Compiler forced transactions


#1

I want to write code that enforces transactional behaviour of a Struct at compile time, but I am having problems implementing it.

A simplified code example:

struct MyContainer {
    ms: MyState,
}

struct MyState {
    num: u32,
}

struct Adder<'a> {
    ms: &'a mut MyState,
    added: u32,
}

impl<'a> Adder<'a> {
    fn new(ms: &mut MyState) -> Adder {
        Adder {
            ms,
            added: 0,
        }
    }
    fn inc(&mut self) {
        self.added += 1;
    }
    fn commit(self) {
        self.ms.num += self.added;
    }
}

fn add_three(mc: &mut MyContainer) {
    let mut adder = Adder::new(&mut mc.ms);
    adder.inc();
    adder.inc();
    // mc.ms.num -= 1; // Can not do this here! 
    // as we are in a middle of a transaction.
    adder.inc();
    adder.commit(); // What if we forget this line?
}

fn main() {
    let mut mc = MyContainer {
        ms: MyState {num: 5},
    };
    add_three(&mut mc);
    assert_eq!(mc.ms.num, 8);
}

The important struct in this code is MyState. It is contained inside MyContainer and can not be moved out of it. MyState contains some state that should only be mutated in a transactional way. (In the example the only mutations are additions by 1, but in my real code transactional stuff happen instead)

In this example, I implement a transaction by wrapping MyState with the Adder struct. Adder is an addition transaction. Once MyStruct was wrapped by Adder, the only thing can be done is calling Adder::inc(). After a few calls to Adder::inc() one can call Adder::commit() to finish the Adder transaction and keep working with MyState.

Take a look at the function add_three(). It demonstrates what I’m trying to enforce in compile time.
During an Adder transaction it is not possible to mutate MyState, because it is borrowed. Only after the transaction is commited using commit() it is again possible to acess MyState.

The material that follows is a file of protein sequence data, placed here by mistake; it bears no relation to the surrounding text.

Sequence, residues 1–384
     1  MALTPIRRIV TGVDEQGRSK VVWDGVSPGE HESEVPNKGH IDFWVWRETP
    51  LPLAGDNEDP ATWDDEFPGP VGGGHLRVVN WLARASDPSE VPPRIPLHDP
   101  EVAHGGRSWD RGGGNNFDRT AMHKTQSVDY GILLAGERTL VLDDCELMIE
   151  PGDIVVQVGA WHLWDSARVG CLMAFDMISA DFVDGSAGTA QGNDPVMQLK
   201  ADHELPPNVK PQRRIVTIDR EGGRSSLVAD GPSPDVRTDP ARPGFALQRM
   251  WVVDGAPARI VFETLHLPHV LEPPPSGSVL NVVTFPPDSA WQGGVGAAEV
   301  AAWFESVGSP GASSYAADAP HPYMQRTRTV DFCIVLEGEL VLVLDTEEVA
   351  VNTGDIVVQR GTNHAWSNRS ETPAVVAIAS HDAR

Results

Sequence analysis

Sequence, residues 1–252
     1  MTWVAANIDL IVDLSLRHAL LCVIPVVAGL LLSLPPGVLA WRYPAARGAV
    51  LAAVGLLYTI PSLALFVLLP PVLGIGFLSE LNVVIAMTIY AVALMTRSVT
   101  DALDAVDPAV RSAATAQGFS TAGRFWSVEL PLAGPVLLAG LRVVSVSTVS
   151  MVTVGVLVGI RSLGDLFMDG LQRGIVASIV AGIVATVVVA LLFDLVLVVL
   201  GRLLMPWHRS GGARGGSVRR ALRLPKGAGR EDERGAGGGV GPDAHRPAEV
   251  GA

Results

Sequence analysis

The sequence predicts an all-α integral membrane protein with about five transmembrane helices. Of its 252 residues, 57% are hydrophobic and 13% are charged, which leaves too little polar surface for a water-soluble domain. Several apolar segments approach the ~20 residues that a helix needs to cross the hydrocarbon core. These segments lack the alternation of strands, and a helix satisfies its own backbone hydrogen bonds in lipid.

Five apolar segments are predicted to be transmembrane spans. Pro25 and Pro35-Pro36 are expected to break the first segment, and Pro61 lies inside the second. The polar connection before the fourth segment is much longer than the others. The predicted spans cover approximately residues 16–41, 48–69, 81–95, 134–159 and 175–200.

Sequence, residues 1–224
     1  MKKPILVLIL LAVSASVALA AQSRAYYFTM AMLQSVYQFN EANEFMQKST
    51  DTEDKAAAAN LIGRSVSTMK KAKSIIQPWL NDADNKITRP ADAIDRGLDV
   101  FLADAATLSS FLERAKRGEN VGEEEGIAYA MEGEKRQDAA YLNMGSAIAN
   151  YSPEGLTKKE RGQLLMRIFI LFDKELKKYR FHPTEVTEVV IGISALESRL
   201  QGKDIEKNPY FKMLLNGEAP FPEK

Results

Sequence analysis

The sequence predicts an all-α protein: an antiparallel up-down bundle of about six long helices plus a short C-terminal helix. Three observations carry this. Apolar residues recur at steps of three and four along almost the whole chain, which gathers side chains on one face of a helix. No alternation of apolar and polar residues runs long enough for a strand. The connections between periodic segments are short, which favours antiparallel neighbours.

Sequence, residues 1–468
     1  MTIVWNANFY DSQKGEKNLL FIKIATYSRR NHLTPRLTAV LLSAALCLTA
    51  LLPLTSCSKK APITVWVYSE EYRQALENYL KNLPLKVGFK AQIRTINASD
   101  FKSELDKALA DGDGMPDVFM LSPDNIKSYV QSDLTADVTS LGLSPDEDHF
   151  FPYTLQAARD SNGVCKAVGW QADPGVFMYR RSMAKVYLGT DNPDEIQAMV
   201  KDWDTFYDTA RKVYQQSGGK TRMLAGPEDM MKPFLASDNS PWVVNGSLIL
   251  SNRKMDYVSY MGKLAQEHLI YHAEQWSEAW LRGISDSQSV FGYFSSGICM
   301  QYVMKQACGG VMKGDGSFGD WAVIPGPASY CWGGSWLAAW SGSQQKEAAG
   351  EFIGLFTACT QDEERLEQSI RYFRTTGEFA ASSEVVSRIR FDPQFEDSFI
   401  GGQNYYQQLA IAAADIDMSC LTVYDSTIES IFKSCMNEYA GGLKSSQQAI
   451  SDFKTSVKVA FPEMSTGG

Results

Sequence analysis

My problem with this scheme is that the user of MyStruct and Adder might forget to use Adder::commit(). Adder will be dropped, and no mutation will be applied to MyState.

I want to know if there is a way to make sure (during compilation) that commit() is always called inside the scope. In other words, is there a way to make Adder non droppable, so that the only way to get rid of him would be to use commit()? If there is a way to do this, this will solve my problem.

Another possible solution I thought of was to implement Drop for Adder, and have do the same job done in commit. However, I think that it is somewhat strange to call drop(adder) in the middle of a function to commit a transaction. In addition, the signature of drop is fn drop(&mut self), while I would like to have the signature fn commit(self), talking ownership of Adder.

A different possibility would be to have Adder::new take ownership over MyState, but in that case I will need to have:

struct MyContainer {
    opt_ms: Option<MyState>,
}

This will force me to unwrap() every time I’m trying to read MyState from MyContainer.

Any ideas are appreciated!
real.